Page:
I run a university club website which has two three (update: I have recently discovered the third) domains, let's say www.meow.co.uk, foo.uni.ac.uk/bar/meow/ and uni.ac.uk/bar/meow. I'm using the following .htaccess in the folder foo.uni.ac.uk/bar/meow/ in order to remove ".html" from the pages.

#meow.co.uk/page will display the contents of meow.com/page.html
RewriteCond %{REQUEST_FILENAME} !-f
RewriteCond %{REQUEST_FILENAME} !-d
RewriteCond %{REQUEST_FILENAME}.html -f
RewriteRule ^(.+)$ $1.html [L,QSA]

#302 from meow.co.uk/page.html to meow.com/page
RewriteCond %{THE_REQUEST} ^[A-Z]{3,9}\ /.*\.html\ HTTP/
RewriteRule ^(.*)\.html$ /$1 [R=302,L]

This works fine on www.meow.co.uk/page.html --> www.meow.co.uk/page but for the other domain, it treats foo.uni.ac.uk/ as the root directory, so foo.uni.ac.uk/bar/meow/page.html --> foo.uni.ac.uk/page. I want it to go to --> foo.uni.ac.uk/bar/meow/page.

How can I modify the htaccess file so that it works for both domains? Or failing that how can I redirect from foo.uni.ac.uk/bar/meow to www.meow.co.uk?


RewriteRule ^(.*)\.html$ /$1 [R=302,L]

The problem is that for www.meow.co.uk you need to redirect to /$1 (as above) and for foo.uni.ac.uk you need to redirect to /bar/meow/$1. I don't think there is an immediate way around that.

However, you could conditionally set an environment variable (eg. BASE_URL) to the value of the required base URL for the redirect depending on the value of the Host. And use this environment variable in the RewriteRule directive.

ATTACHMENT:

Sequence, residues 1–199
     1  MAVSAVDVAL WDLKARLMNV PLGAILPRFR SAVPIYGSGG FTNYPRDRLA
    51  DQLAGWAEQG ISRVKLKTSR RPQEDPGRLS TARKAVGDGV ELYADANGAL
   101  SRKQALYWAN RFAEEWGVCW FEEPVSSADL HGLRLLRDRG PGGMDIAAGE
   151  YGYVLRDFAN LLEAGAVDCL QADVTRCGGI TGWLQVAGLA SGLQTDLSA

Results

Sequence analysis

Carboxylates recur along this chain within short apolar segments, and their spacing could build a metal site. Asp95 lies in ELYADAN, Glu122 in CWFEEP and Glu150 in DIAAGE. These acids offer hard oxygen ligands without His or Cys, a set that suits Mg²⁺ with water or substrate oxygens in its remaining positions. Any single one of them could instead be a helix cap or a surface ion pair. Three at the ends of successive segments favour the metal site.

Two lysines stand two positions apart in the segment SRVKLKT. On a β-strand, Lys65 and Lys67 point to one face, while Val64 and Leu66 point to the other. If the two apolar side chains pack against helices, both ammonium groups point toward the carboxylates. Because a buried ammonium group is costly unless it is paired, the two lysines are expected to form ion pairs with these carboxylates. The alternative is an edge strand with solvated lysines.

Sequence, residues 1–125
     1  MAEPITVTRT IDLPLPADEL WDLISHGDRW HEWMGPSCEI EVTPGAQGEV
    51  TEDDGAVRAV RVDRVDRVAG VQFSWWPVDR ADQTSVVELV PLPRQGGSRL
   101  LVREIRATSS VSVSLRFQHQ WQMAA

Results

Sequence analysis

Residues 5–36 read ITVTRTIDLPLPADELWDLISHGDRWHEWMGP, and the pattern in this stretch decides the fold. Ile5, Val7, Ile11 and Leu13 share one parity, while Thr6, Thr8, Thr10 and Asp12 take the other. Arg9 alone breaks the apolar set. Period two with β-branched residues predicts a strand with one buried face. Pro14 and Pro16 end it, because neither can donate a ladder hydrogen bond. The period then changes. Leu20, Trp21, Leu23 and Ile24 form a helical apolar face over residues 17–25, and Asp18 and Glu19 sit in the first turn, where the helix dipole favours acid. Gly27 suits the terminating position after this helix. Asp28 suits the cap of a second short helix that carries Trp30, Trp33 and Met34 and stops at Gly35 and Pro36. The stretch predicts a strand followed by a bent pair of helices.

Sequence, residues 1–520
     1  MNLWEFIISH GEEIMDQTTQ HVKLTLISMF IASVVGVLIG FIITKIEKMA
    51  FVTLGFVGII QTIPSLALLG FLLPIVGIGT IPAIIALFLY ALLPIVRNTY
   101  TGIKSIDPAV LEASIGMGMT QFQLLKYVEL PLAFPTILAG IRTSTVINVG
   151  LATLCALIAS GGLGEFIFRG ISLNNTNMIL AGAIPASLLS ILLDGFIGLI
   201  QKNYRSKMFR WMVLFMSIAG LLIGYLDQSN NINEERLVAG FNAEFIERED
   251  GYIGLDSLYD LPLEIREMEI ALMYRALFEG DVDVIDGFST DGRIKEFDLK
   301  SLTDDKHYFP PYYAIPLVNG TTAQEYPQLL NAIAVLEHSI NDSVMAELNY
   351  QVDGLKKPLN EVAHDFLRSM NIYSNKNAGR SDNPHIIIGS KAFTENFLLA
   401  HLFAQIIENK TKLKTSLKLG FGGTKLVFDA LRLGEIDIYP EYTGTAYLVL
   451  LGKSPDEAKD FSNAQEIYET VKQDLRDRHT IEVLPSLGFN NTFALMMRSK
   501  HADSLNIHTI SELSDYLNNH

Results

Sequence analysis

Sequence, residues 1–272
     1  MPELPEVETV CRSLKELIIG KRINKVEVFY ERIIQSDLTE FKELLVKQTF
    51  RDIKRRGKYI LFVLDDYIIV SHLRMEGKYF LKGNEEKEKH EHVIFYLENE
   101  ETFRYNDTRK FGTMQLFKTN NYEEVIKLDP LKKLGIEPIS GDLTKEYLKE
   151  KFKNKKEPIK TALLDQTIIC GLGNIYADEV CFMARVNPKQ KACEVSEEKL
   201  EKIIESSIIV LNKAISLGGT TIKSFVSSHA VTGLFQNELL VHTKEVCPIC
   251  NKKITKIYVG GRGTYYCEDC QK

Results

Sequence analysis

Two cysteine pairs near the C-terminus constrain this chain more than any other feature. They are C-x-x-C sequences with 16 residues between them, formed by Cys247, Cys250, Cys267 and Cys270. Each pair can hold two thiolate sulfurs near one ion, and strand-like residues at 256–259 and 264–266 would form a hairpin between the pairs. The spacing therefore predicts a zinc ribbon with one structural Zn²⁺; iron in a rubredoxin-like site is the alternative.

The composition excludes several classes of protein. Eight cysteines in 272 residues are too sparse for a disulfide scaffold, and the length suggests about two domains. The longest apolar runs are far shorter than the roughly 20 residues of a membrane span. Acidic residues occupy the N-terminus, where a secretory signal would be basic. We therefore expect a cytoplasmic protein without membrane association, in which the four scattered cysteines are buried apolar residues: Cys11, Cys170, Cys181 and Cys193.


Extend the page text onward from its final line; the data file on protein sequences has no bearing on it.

For example, at the top of your script, set the environment variable:

SetEnvIf Host "foo\.uni\.ac\.uk" BASE_URL=/bar/meow

When the site is accessed via www.meow.co.uk then BASE_URL will not be set (ie. it's empty).

Then, change your RewriteRule substitution to use this:

RewriteRule ^(.*)\.html$ %{ENV:BASE_URL}/$1 [R=302,L]

You should change the 302 (temporary) redirect to a 301 (permanent) redirect when you have confirmed it's working OK.

UPDATE: However, you are better off canonicalizing the URL and redirecting to the canonical domain (ie. www.meow.co.uk). With three different domains you have a lot of potential duplicate content. So, instead of the above, simply redirect to the canonical domain at the top of your script:

RewriteCond %{HTTP_HOST} !=www.meow.co.uk [NC]
RewriteRule ^bar/meow/(.*) http://www.meow.co.uk/$1 [R=301,L]

Just to clarify... you have already changed the URLs on your site to use the extension-less version and this redirect is only required for old URLs that might have been indexed, shared, etc. Yes?

  • Actually, I haven't changed the URLs in my anchors to remove the .html extension - what is the reason for doing so? When I'm testing the website on my local drive, those anchors wouldn't work if I did that – binaryfunt Sep 30 '15 at 14:40
  • 1
    If you don't change the URLs on your site then every time a user clicks a link they will be redirected - 2 requests to your server. You would need to install a webserver locally to test. – MrWhite Sep 30 '15 at 16:08
  • I've updated my answer... in order to avoid "duplicate content" (particularly with 3 domains) you are better off redirecting to the canonical URL. – MrWhite Sep 30 '15 at 16:20
  • The rule in your update doesn't work for me. When I navigate to https://foo.uni.ac.uk/bar/meow/page/ it redirects to https://foo.uni.ac.uk/http://www.meow.co.uk/page/ – binaryfunt Oct 1 '15 at 12:42
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    (I'm using 302s until I can get htaccess to behave the way I want. Using 301s is risky as they will be aggressively cached) – binaryfunt Oct 1 '15 at 13:39

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